Inflation will hit heights not seen since the aftermath of the financial crisis, led higher by swelling household energy bills and rising prices for second-hand cars, according to City analysts.
The cost of living will rise to five per cent in October, jumping from 4.2 per cent in the previous month, according to Capital Economics.
The last time inflation was this high was in October 2011, underlining the historically elevated rate of price rises currently sweeping across the UK economy.
Meanwhile, Pantheon Macroeconomics expects inflation to hit 4.8 per cent, which would still be the highest print since November 2011.
Roaring used car prices triggered by a global semiconductor shortage squeezing supply of new cars, compounded by supermarkets passing on higher costs to consumers by hiking prices will lead inflation to a decade high.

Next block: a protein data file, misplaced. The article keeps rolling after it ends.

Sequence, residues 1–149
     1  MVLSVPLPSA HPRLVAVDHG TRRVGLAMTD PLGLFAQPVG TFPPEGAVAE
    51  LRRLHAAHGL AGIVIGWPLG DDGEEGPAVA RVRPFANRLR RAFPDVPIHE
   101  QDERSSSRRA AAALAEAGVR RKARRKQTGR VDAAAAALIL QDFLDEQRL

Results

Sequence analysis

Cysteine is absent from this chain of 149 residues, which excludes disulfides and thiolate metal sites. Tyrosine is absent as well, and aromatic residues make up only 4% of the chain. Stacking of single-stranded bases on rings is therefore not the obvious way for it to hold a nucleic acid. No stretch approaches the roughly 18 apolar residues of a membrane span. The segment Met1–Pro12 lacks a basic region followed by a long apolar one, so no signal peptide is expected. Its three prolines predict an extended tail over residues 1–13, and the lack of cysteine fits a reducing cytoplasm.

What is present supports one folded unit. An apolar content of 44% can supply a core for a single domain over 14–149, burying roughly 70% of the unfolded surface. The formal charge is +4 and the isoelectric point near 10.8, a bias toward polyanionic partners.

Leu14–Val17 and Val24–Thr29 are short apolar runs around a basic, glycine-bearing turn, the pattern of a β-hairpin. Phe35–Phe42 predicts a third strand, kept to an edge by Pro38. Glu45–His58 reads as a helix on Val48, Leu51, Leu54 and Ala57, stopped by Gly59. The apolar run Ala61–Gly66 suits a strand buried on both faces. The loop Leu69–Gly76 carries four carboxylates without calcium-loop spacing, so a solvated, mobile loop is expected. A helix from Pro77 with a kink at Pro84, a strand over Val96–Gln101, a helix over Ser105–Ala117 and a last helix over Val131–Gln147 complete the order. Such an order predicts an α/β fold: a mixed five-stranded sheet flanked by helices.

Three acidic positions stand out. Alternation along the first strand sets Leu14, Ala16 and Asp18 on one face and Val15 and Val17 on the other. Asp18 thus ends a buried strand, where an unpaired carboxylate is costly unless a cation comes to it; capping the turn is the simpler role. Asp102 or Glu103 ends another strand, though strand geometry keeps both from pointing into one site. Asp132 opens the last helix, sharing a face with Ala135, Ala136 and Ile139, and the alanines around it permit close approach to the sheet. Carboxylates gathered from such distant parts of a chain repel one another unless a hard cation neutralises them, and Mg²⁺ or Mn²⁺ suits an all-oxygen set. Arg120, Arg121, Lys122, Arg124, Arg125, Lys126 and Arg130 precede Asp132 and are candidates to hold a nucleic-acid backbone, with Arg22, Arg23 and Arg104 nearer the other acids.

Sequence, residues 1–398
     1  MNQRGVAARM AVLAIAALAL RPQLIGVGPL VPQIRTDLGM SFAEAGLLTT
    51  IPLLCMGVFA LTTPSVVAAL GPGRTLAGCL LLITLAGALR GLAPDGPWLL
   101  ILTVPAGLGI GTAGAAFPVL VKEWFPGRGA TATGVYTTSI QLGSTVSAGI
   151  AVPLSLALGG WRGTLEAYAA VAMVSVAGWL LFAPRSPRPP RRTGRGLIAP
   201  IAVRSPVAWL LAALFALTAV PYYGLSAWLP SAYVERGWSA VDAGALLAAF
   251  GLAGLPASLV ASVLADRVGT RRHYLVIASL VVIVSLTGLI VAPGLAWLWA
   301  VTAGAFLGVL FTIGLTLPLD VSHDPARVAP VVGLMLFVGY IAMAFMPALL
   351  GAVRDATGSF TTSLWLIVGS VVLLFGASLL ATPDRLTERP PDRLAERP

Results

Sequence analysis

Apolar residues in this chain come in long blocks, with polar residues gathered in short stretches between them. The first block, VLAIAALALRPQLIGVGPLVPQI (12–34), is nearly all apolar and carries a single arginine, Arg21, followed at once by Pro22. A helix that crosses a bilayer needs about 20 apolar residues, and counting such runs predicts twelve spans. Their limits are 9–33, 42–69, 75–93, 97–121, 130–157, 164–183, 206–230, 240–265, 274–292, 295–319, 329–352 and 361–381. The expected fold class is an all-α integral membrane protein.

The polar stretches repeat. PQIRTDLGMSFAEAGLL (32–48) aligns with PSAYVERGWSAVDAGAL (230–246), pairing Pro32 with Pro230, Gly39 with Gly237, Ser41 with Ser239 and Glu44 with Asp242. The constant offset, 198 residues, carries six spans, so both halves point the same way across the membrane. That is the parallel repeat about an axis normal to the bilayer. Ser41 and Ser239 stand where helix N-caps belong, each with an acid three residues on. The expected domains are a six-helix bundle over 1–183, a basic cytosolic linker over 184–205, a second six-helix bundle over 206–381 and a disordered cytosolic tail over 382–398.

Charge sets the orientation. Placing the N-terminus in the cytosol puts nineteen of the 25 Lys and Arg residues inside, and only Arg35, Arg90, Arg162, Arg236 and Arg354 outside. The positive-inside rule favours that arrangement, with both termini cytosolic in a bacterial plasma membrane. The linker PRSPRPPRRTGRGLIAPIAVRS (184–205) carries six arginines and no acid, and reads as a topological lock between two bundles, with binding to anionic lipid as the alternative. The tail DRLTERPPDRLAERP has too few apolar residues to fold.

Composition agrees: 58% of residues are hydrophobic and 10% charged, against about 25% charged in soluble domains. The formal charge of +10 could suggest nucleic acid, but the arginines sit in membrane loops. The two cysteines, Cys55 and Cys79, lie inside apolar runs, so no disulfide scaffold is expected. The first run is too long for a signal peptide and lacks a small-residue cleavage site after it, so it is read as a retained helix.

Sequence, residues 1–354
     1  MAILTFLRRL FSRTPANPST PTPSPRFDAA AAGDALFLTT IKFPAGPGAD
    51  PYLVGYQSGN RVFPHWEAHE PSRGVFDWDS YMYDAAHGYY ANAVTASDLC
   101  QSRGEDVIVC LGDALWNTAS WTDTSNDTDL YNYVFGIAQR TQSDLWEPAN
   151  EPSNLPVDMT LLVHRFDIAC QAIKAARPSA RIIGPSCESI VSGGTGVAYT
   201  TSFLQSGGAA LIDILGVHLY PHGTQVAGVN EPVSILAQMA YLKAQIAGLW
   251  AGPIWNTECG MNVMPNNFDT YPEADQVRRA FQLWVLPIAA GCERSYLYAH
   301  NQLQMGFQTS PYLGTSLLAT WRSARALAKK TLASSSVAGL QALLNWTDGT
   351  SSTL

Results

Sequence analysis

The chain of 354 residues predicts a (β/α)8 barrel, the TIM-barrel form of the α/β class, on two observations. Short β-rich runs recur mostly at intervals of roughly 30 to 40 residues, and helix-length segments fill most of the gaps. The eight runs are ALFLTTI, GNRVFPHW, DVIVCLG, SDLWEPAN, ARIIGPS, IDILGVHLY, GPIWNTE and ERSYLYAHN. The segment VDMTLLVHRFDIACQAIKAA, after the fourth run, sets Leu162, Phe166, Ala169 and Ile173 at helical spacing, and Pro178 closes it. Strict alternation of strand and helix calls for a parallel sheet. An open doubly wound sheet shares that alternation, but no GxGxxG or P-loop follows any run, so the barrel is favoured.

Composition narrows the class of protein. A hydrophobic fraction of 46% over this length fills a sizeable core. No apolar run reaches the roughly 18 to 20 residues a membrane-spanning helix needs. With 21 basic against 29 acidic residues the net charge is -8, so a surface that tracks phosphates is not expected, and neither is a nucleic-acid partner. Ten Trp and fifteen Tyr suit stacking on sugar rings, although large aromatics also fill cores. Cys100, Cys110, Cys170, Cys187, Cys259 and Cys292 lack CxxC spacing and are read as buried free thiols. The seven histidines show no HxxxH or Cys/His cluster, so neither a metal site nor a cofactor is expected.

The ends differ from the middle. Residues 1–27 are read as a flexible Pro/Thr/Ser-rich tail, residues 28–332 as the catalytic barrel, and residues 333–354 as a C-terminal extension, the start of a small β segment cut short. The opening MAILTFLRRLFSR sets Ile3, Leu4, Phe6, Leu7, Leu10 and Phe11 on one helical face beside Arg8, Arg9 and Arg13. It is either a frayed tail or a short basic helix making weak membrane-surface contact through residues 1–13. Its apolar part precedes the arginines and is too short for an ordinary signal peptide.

Rising oil prices have raised the cost of petrol, likely pushing headline inflation higher.
Food “inflation likely continued to rise, probably to about 2.1 per cent, from 1.2 per cent in October” Pantheon Macroeconomics said.
Prices for essential products is likely to produce the largest contribution to the headline inflation rate, highlighting the severity of the cost living squeeze hitting households.
The Bank of England, which has a mandate to keep price rises at two per cent, will come under heavy fire if inflation hits five per cent.
Officials at Threadneedle Street are preparing for their next rate setting meeting on 16 December.